// Assert that the actual return is equal to the expected return
if actualReturn != expectedReturn {
t.Errorf("Expected return: %f, actual return: %f", expectedReturn, actualReturn)
}
}
func TestCreateLowVolatilityPortfolio(t *testing.T) {
// Create a slice of stocks
stocks := []Stock{
{Name: "Apple", Returns: []float64{0.1, 0.2, 0.3}},
{Name: "Microsoft", Returns: []float64{0.4, 0.5, 0.6}},
{Name: "Amazon", Returns: []float64{0.7, 0.8, 0.9}},
}
// Calculate the expected low volatility portfolio
expectedLowVolatilityPortfolio := []Stock{
{Name: "Apple", Returns: []float64{0.1, 0.2, 0.3}},
{Name: "Microsoft", Returns: []float64{0.4, 0.5, 0.6}},
}
// Calculate the actual low volatility portfolio
actualLowVolatilityPortfolio := createLowVolatilityPortfolio(stocks)
// Assert that the actual low volatility portfolio is equal to the expected low volatility portfolio
if len(actualLowVolatilityPortfolio) != len(expectedLowVolatilityPortfolio) {
t.Errorf("Expected low volatility portfolio length: %d, actual low volatility portfolio length: %d", len(expectedLowVolatilityPortfolio), len(actualLowVolatilityPortfolio))
}
for i := range actualLowVolatilityPortfolio {
if actualLowVolatilityPortfolio[i] != expectedLowVolatilityPortfolio[i] {
t.Errorf("Expected low volatility portfolio stock %d: %v, actual low volatility portfolio stock %d: %v", i, expectedLowVolatilityPortfolio[i], i, actualLowVolatilityPortfolio[i])
}
}
}
```

```
package main
import (
"fmt"
"math"
"sort"
)
type Stock struct {
Name string
Returns []float64
Volatility float64
}
func main() {
// Create a slice of stocks
stocks := []Stock{
{Name: "Apple", Returns: []float64{0.1, 0.2, 0.3}},
{Name: "Microsoft", Returns: []float64{0.4, 0.5, 0.6}},
{Name: "Amazon", Returns: []float64{0.7, 0.8, 0.9}},
}
// Calculate the volatility of each stock
for i := range stocks {
stocks[i].Volatility = calculateVolatility(stocks[i].Returns)
}
// Sort the stocks by volatility
sort.Slice(stocks, func(i, j int) bool {
return stocks[i].Volatility < stocks[j].Volatility
})
// Create a low volatility portfolio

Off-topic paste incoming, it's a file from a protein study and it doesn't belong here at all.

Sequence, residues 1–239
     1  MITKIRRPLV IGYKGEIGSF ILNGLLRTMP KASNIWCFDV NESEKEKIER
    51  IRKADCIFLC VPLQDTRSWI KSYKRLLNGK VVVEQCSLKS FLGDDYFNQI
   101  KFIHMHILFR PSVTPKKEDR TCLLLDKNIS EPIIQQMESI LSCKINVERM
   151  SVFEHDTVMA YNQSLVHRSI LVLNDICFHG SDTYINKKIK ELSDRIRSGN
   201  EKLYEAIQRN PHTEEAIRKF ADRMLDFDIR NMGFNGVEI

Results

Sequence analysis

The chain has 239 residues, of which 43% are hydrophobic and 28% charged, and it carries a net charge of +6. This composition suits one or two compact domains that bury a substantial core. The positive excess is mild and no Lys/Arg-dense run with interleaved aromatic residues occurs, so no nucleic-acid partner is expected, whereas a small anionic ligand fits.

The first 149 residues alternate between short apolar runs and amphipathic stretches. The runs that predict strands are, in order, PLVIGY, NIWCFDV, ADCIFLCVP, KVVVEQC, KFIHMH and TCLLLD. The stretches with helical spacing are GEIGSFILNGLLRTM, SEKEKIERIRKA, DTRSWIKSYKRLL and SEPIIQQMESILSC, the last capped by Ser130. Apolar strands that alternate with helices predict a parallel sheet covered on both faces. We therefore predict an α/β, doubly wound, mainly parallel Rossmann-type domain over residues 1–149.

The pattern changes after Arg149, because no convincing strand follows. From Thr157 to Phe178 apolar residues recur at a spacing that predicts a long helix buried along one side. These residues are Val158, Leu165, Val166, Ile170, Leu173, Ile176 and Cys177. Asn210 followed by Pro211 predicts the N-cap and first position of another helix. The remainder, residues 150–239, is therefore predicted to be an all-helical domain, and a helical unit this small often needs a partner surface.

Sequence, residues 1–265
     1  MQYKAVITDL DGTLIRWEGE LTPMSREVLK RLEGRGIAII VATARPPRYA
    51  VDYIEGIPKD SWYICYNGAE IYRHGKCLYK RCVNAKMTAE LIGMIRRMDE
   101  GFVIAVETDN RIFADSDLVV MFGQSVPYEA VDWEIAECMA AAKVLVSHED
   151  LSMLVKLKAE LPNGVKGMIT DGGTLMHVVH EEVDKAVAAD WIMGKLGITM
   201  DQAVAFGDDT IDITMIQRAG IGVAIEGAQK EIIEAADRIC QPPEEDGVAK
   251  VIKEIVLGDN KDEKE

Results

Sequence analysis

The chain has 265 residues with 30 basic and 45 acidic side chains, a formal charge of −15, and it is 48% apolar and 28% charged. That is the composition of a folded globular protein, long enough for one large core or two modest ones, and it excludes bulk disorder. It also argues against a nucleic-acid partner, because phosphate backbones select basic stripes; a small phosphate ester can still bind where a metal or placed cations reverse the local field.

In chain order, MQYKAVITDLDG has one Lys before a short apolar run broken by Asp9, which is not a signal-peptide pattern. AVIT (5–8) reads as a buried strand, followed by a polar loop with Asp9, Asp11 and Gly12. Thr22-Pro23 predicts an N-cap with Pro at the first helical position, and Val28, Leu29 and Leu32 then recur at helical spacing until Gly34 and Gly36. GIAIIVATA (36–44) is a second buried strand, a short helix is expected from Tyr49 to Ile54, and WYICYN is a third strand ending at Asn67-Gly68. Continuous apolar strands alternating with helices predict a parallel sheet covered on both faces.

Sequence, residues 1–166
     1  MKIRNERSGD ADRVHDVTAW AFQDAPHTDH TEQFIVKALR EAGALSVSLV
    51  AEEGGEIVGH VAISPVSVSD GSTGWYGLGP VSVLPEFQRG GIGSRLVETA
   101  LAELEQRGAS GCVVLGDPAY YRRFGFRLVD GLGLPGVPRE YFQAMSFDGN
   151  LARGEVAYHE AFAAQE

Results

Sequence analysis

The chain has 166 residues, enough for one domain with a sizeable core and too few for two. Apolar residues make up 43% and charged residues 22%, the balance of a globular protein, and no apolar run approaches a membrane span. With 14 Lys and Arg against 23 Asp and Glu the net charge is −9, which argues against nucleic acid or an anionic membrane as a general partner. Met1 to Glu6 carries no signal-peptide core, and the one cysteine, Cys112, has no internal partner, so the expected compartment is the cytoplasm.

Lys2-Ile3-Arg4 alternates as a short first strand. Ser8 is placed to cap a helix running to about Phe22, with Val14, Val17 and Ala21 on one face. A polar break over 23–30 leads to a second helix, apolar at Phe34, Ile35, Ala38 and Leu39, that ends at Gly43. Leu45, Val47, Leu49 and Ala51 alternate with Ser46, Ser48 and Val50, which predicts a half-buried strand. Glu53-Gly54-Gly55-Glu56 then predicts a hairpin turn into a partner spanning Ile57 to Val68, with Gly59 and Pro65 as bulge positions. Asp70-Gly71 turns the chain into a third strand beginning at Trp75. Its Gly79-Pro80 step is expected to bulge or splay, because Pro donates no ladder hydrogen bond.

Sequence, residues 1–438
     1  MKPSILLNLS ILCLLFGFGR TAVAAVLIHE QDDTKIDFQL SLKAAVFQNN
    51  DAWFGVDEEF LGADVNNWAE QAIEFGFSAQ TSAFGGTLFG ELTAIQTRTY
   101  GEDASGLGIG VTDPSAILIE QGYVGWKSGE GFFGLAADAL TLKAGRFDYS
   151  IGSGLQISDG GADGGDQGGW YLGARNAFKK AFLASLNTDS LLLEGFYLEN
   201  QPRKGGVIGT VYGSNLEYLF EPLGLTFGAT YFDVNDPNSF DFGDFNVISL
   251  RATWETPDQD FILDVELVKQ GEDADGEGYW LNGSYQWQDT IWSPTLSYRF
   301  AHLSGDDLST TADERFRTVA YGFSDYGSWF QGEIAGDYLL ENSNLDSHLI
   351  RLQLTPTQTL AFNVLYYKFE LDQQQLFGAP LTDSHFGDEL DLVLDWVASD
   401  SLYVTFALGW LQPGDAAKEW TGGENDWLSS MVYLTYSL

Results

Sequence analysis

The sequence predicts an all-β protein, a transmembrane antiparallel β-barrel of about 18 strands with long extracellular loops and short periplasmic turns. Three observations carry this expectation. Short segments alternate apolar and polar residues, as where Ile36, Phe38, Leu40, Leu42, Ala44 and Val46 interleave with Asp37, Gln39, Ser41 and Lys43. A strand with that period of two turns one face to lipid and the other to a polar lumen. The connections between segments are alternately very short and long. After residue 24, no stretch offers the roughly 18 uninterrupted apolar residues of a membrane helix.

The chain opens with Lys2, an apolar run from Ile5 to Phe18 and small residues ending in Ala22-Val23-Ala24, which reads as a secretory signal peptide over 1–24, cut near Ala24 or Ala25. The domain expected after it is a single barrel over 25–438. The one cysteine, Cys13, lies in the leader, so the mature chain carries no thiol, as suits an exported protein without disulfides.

lowVolatilityPortfolio := []Stock{}
for i := 0; i < 10; i++ {
lowVolatilityPortfolio = append(lowVolatilityPortfolio, stocks[i])
}
// Calculate the return of the low volatility portfolio
lowVolatilityPortfolioReturn := calculateReturn(lowVolatilityPortfolio)
// Print the return of the low volatility portfolio
fmt.Println("Low volatility portfolio return:", lowVolatilityPortfolioReturn)
}
// Calculates the volatility of a stock
func calculateVolatility(returns []float64) float64 {
// Calculate the mean return
meanReturn := 0.0
for _, return := range returns {
meanReturn += return
}
meanReturn /= float64(len(returns))
// Calculate the squared deviations from the mean
squaredDeviations := 0.0
for _, return := range returns {
squaredDeviations += math.Pow(return-meanReturn, 2)
}
// Calculate the variance
variance := squaredDeviations / float64(len(returns)-1)
// Calculate the volatility
volatility := math.Sqrt(variance)
return volatility
}
// Calculates the return of a portfolio
func calculateReturn(portfolio []Stock) float64 {
// Calculate the weighted average return
weightedAverageReturn := 0.0
for _, stock := range portfolio {
weightedAverageReturn += stock.Returns[len(stock.Returns)-1] * float64(stock.Name)
}
weightedAverageReturn /= float64(len(portfolio))
return weightedAverageReturn
}
```

To run the code, simply save it as a file with the `.go`

extension, such as `low_volatility.go`

, and then compile it with the following command:

```
go build low_volatility.go
```

This will create an executable file called `low_volatility`

. To run the executable file, type the following command:

```
./low_volatility
```

This will print the return of the low-volatility portfolio to the console.

To test the code, you can use the following command:

```
go test
```

This will run all of the tests in the `low_volatility_test.go`

file. If all of the tests pass, then the code is working correctly.

## The Last Byte…

Investing in low-volatility stocks can greatly reduce your risk and improve your chances of success in the stock market. Low-volatility stocks have historically outperformed the overall market over the long term, and they can help you protect your portfolio during periods of market volatility.

If you are interested in investing in low-volatility stocks, many resources are available to help you get started. You can find lists of low-volatility stocks online and invest in low-volatility ETFs and mutual funds.

It is important to note that no investment will outperform the market. However, investing in low-volatility stocks is a good way to reduce your risk and improve your chances of success.

**Additional tips:**

- When choosing low-volatility stocks, it is vital to consider the company’s financial health and its competitive landscape. It would help if you also considered the sector in which the company operates.
- It is essential to diversify your portfolio by investing in various low-volatility stocks. This will help to reduce your risk if one particular stock underperforms.
- It would help if you regularly rebalanced your portfolio to maintain your desired asset allocation.

By following these tips, you can create a low-volatility portfolio that can help you achieve your financial goals.

inFinance## Low Volatility Stocks in Golang: The Secret to Beating the Market with Less Risk

byAli Kayani